Browse Entries

Biographical entry Watson, John Anthony Linthorne (1935 - 1993)

20 September 1935
Nedlands, Western Australia, Australia
4 December 1993


John Watson was on of the world's leading authorities on dragonflies (Odonata). After studying the hormonal development of insects at the University of Cambridge and three years on the staff of the Western Reserve University, Cleveland, Ohio, he returned to Australia in 1966. He joined the staff of CSIRO Division of Entomology, becoming Australia's expert on the taxonomy, biology and ecology of termites. In the 1960s he collaborated with G√ľnther Theischinger on the description of Australia's dragonflies, studying their taxonomy, morphology, larval biology and potential role as biological indicators. Watson served on the Standards Association of Australia Committee on termite treatments and a number of other committees on termites and other entomological matters. He was a member of the editorial boards of Australian Journal of Zoology, Odonatologica and Notulae odonatologicae, and was active in the in Societatis Internationalis Odonatologica. Several insect species were named in his honour.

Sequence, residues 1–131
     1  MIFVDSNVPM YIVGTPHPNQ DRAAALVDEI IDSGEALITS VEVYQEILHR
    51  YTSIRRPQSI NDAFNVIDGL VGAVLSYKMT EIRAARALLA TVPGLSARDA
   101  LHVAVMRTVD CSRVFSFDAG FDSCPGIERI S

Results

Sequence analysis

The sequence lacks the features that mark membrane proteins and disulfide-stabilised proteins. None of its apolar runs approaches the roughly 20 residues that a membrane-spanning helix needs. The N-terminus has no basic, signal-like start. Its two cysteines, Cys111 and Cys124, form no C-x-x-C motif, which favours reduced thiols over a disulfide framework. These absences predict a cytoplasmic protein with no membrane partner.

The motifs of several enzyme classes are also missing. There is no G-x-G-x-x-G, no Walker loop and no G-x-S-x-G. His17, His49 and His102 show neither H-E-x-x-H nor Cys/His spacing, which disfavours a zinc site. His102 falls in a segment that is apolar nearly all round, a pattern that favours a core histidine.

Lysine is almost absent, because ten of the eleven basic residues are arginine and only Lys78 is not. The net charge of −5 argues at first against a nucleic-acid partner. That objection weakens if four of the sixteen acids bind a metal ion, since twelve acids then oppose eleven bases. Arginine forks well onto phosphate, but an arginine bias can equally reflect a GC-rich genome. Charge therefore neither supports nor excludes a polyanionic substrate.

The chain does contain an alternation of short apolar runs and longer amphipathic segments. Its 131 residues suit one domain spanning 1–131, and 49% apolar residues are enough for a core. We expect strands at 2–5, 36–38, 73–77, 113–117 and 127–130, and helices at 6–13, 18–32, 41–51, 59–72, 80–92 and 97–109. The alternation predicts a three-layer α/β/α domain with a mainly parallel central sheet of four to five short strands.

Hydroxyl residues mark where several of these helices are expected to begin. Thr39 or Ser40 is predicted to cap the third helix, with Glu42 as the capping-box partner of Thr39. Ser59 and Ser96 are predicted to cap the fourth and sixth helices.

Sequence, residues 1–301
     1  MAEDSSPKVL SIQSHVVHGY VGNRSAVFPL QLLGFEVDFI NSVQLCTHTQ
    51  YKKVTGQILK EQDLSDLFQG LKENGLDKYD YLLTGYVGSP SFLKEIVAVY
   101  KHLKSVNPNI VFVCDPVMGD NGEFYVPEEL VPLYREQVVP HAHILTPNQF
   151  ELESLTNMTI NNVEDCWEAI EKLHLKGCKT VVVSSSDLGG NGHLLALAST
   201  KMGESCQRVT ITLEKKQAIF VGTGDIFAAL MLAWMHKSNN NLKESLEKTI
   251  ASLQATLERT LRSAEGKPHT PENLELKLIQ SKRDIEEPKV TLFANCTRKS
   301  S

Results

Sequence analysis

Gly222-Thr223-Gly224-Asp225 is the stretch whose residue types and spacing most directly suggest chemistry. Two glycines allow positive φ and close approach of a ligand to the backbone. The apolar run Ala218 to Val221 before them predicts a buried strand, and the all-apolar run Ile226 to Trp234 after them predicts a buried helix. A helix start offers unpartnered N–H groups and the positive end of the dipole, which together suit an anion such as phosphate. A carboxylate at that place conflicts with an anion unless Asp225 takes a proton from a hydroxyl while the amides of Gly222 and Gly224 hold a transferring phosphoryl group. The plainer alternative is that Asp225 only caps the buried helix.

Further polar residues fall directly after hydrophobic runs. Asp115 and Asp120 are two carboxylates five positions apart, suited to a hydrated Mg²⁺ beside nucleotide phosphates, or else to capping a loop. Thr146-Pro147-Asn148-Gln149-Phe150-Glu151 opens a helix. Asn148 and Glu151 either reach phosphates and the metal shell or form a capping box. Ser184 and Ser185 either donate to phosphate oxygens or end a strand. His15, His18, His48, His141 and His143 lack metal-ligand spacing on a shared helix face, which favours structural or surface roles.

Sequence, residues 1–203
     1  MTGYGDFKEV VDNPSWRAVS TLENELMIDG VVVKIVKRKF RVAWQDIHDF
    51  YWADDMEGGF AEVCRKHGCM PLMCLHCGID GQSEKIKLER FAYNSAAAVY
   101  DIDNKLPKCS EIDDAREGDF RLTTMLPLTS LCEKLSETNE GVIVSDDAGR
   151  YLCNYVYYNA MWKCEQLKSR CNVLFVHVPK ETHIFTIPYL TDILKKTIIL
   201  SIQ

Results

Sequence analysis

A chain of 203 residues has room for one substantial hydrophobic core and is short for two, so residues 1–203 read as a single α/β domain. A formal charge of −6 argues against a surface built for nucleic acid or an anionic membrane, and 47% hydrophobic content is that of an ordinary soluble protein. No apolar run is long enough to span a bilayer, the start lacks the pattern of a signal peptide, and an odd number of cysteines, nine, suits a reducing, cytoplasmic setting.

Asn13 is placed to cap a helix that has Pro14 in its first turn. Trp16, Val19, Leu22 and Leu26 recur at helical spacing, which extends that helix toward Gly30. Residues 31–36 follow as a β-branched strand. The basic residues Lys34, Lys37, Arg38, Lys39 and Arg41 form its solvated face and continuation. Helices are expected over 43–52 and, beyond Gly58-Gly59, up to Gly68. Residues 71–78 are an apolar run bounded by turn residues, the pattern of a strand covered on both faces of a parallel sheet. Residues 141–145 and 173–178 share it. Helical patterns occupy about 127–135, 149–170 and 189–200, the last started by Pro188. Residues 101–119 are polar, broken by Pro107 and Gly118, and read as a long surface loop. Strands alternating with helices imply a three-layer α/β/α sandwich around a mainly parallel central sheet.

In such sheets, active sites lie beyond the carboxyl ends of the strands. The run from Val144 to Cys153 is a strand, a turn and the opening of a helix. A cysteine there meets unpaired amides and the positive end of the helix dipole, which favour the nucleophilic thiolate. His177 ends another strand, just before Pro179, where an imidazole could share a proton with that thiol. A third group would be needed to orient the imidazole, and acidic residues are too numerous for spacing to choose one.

Education - BSc, University of Western Australia
Award - Hackett Scholarship, University of Western Australia
1963 - 1965
Career position - Assistant Professor, Western Reserve University, Cleveland, Ohio
1967 -
Career position - Scientific officer, CSIRO Division of Entomology
Career position - Liaison Officer for Australasian and the Southern Pacific, Societatis Internationalis Odonatologica
Award - Ian Mackerras Medal for outstanding contributions to entomology, Australian Entomological Society
Award - Membership of Honour, Societatis Internationalis Odonatologica

Related Corporate Bodies

Published resources

Journal Articles

  • Endersby, Ian, 'Watson and Theischinger: the Etymology of the Dragonfly (Insecta: Odonata) Names Which They Published', Journal and Proceedings of the Royal Society of New South Wales, vol. 145, no. 443/4, 2012, pp. 34-53. Details

Helen Cohn